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Basic question about the nature of light and time

  1. Sep 18, 2010 #1
    Imagine you have a high-speed camera with a capability to record almost near infinite frames per second. Would you be in principle able to record progression of light (I know that light itself is invisible so at least its reflected progression let's say off a room's walls after a light bulb has been lit).

    If yes. I would like to know if it is possible to see its progression to be slowed down even for an observer who would have the mental capacity to process that many frames per second of information that would allow him to react to its progression? Wouldn't this violate the law that "all observers see the light moving with the same speed"?
    The deeper question behind therefore is if the speed of light is also not depended on our mental capacity of how quickly we can process our input information? With speeds of regular objects this seems to be the case where with the higher frequency of input information processing the time seems to slow down and we are able to see objects moving slower or at least react on them as if they effectively were.
  2. jcsd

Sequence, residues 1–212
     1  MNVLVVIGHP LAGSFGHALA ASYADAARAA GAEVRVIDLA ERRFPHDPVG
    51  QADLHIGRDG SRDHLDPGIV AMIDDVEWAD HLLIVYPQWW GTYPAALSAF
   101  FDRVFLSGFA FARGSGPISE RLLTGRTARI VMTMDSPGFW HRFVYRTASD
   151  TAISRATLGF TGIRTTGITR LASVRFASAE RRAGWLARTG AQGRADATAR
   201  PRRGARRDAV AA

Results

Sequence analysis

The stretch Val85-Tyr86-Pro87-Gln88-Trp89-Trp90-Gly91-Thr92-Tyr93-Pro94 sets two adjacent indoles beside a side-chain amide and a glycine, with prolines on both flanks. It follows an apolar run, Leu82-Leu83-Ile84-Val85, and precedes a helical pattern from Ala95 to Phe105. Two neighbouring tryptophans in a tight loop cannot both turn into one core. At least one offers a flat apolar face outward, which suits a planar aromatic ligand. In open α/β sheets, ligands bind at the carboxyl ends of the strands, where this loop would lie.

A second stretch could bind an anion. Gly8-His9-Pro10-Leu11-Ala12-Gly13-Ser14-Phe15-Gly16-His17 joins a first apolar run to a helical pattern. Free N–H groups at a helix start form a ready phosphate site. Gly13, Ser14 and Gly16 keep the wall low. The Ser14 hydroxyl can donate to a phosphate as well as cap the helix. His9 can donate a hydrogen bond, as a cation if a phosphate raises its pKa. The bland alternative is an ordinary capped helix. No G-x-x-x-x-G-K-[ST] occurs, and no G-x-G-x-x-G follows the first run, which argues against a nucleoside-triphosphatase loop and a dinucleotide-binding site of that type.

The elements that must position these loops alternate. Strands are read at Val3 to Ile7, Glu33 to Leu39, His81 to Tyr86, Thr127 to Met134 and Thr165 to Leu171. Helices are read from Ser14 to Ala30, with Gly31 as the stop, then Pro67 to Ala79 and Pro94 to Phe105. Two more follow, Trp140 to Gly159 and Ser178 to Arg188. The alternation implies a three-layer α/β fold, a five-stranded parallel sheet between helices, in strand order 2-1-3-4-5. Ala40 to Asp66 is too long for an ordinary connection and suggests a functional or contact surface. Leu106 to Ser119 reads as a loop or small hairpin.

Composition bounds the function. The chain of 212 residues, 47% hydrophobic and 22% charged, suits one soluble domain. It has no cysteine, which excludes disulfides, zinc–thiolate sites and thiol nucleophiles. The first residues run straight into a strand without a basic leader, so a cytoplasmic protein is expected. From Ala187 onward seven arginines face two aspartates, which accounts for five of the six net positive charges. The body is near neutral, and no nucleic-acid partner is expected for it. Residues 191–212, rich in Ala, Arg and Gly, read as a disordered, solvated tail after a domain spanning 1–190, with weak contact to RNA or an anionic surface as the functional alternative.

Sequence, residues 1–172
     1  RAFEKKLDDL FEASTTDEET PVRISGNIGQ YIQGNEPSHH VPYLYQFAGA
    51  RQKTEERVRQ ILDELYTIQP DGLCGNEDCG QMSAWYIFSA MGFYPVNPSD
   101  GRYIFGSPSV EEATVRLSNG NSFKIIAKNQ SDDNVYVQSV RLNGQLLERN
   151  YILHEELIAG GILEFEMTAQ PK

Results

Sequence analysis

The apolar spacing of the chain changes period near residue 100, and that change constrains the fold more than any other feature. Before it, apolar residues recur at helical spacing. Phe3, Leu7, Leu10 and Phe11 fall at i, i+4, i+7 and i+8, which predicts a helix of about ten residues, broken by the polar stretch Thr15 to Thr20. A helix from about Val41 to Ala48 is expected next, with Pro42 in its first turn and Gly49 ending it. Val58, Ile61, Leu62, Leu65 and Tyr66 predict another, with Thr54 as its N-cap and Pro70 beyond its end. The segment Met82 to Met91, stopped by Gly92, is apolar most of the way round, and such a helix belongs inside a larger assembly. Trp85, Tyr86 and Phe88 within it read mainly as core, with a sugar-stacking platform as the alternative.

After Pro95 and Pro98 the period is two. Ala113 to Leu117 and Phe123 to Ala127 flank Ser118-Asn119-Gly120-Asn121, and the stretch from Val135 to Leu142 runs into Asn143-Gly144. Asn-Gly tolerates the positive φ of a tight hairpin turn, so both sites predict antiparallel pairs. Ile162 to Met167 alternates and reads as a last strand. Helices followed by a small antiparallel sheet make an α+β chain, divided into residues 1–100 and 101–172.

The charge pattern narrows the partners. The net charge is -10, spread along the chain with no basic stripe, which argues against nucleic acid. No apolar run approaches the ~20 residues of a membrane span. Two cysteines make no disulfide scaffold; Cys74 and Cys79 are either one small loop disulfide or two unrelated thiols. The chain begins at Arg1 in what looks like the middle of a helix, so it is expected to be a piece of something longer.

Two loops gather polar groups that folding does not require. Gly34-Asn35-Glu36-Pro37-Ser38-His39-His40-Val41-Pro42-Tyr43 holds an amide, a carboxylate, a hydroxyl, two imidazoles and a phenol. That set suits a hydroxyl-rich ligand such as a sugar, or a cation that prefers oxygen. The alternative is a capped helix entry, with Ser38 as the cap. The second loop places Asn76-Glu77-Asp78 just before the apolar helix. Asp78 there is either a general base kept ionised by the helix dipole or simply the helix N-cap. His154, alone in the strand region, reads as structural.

3. Sep 18, 2010 #2
    The shutter of the camera can't move faster than the speed of light even in principle ;).
  4. Sep 18, 2010 #3
    That's OK. I don't want to see the light stop, just to see it slow down a bit on the recording.
  5. Sep 18, 2010 #4

    Think about it: what if not light itself does a camera record?
  6. Sep 18, 2010 #5
    http://en.wikipedia.org/wiki/Slow_light" [Broken].
    Last edited by a moderator: May 4, 2017
  7. Sep 19, 2010 #6
    Silly me. I didn't realize that velocity V=(Δd)/(Δt) so even when you make time run subjectively slower a second will remain a second even when it will last subjectively longer. Therefore the measured velocity will be the same for both types of consciousness.

    Btw, the slow light would't help much because as far as I know its slower group speed is caused by its absorption and consequent re-emission as this is the way light moves in those materials.
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